Change Agents, City Transformation, Job Engines, Mass Transit, News

M1-Rail funded! Light rail to return to the streets of Detroit

Ray LaHood at M1Rail Light Rail Mass Transit Announcement at Wayne State in Detroit

Transformation. Economic engine. Investment.

These were just a few of the words used repetitively to describe the now funded M1 Rail project which will be the first leg of a complete transit system under the new Regional Transit Authority (RTA).

Ray LaHood at M1Rail Light Rail Mass Transit Announcement at Wayne State in DetroitTransportation Secretary Ray LaHood was flanked by a who’s who of Detroit regional public, private and non-profit people in a rare but hopefully more oft-seen sign of regional unity and strength as he announced $25 million in federal funding for M1 Rail as well as $6.5 million to do engineering and studies on the Regional Transit Authority.

The project is expected to create approximately 2000 jobs.

This initial $31.5 million provided by the feds is only the beginning. “We will back with announcements for more … you will have a state-of-the-art Regional Transit Authority,” said LaHood.

We only need to look to our neighbors to the south to see where mass transit has made monumental difference.

“Over $4.3 billion dollars of real estate investment has happened along Euclid,” in Cleveland, said Representative Gary Peters, whose district covers a wide swath of Metro Detroit. He went on to talk about how the $200 million transit project along that avenue was the catalyst for transformation, bringing in more residents and jobs.

Rip Rapson, president and CEO of the Kresge Foundation, talked about how this private/public partnership is making mass transit across Detroit possible. “The rail project will provide the funding match to open the lock for the regional transit system,” he says.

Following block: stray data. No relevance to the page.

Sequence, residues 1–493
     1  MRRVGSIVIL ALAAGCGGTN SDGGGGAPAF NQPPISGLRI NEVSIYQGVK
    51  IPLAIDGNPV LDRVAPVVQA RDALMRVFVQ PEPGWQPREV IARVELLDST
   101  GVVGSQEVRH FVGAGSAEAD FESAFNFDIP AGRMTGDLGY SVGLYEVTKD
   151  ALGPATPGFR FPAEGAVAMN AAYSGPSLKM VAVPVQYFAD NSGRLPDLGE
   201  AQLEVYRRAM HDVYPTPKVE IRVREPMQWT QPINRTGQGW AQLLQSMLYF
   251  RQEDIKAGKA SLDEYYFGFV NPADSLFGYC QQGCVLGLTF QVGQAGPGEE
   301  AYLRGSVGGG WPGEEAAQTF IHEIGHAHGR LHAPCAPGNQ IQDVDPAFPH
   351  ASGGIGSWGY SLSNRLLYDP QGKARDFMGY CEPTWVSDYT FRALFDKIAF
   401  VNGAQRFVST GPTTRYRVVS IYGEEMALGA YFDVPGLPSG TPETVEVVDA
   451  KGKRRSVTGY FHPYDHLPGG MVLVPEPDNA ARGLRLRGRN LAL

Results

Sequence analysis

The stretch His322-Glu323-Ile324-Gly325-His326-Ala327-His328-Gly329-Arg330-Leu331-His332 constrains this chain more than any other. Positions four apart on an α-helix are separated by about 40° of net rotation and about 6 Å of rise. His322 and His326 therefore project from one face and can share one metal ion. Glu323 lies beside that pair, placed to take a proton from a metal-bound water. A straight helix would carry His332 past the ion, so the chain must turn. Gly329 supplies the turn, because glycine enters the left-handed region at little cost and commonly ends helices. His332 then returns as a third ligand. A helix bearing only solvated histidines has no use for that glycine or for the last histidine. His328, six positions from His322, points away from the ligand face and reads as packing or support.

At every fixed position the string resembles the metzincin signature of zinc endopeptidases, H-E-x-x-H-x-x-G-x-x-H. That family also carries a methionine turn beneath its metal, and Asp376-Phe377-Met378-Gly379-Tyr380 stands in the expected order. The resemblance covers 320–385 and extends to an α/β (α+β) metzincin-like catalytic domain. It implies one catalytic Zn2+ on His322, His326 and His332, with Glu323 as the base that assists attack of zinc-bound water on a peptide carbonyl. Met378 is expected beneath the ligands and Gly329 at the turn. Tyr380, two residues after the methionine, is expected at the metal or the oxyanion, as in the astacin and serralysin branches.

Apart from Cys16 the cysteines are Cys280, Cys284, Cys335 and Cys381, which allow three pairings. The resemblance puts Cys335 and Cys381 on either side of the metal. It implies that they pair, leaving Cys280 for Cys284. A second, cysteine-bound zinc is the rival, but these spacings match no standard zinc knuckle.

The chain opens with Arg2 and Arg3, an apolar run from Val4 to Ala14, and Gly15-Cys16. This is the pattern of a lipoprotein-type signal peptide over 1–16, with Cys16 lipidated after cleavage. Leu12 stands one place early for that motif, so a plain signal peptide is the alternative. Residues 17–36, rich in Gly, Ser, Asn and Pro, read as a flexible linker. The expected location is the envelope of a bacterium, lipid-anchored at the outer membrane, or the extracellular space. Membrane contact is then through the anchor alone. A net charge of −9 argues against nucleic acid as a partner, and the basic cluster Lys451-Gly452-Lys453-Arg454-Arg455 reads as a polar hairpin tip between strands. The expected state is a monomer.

“There’s no other city in America that has had a business community that has stepped up and raised $100 million” for mass transit, said LaHood. “This is going to be in the history books.”

M1 Rail should be running down Woodward in late 2015 and shovels will be in the ground this summer.


M1 Rail Detroit route map

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5 comments on “M1-Rail funded! Light rail to return to the streets of Detroit

  1. I'm so thankful for this blessing that has been sent too Detroit because Detroit has been getting a bad rap and now there's something good is about to happen for a change. What carrers will there be for employment with this rail? and when

  2. This isn't light rail, the project being funded is slow-running streetcars down the side of Woodward Avenue.
    The light rail plan everyone was excited about would have been down the middle of Woodward all the way to Pontiac. This plan runs for ~3 miles (similar line length to the People Mover) from Downtown to Grand Blvd along Woodward, representing only a one minute improvement in headway.

  3. Denver started with just one small section of rail, now it has one of the best, and still growing light rail systems in America….your attitude is why detroit doesn't have mass transit…..think about that for one moment, then harness your negative energy and put that same energy into becoming involved in a positive manner in your community!

  4. I don't mean to be racist, but if Detroit residents start riding this rail system then it is doomed. Why is it that suburban (white or black) residents don't ride D-Dot or SMART? Because they don't feel at all safe riding them. If you allow muggings and fist fights to break out on this rail system, it will be a financial ruin in no time.

    This rail system needs to be a suburban friendly system. People from Canton Township, Novi, Farmington, Auburn Hills, Bingham Farms, Allan Park, Wyondotte, etc. aren't going to ride D-Dot 2.0. They're going to want routes that take them to place they work and spend money (Southfield and 696 corridor, Downtown Detroit, Midtown, etc), entertainment and major shopping venues and ultimately back home. They want comfortable seating and a reasonable fare charged to ride on it. Most of all though, they are going to want their safety ensured.

    In order to make it financially viable, efficient and suburban friendly it has to go all over the place like Chicago's L-Train. It must touch all major suburbs from Wayne, Oakland and Macomb counties. In order to make it safe it is going to need either hired security, a fare that prices out the poor or a route that avoid stops in troubled areas (Inkster, Pontiac, Mt. Clemons, etc.). Play the race card all you want on me, I'm just saying what nearly every suburbanite, white or black, will be thinking.

    I'm hoping for a nice mass transit system here in Detroit one day. Given the track record though, People Mover, SMART, D-Dot, my hopes aren't getting that high. Let the "I'm an incentive racist/bigot" comments begin.

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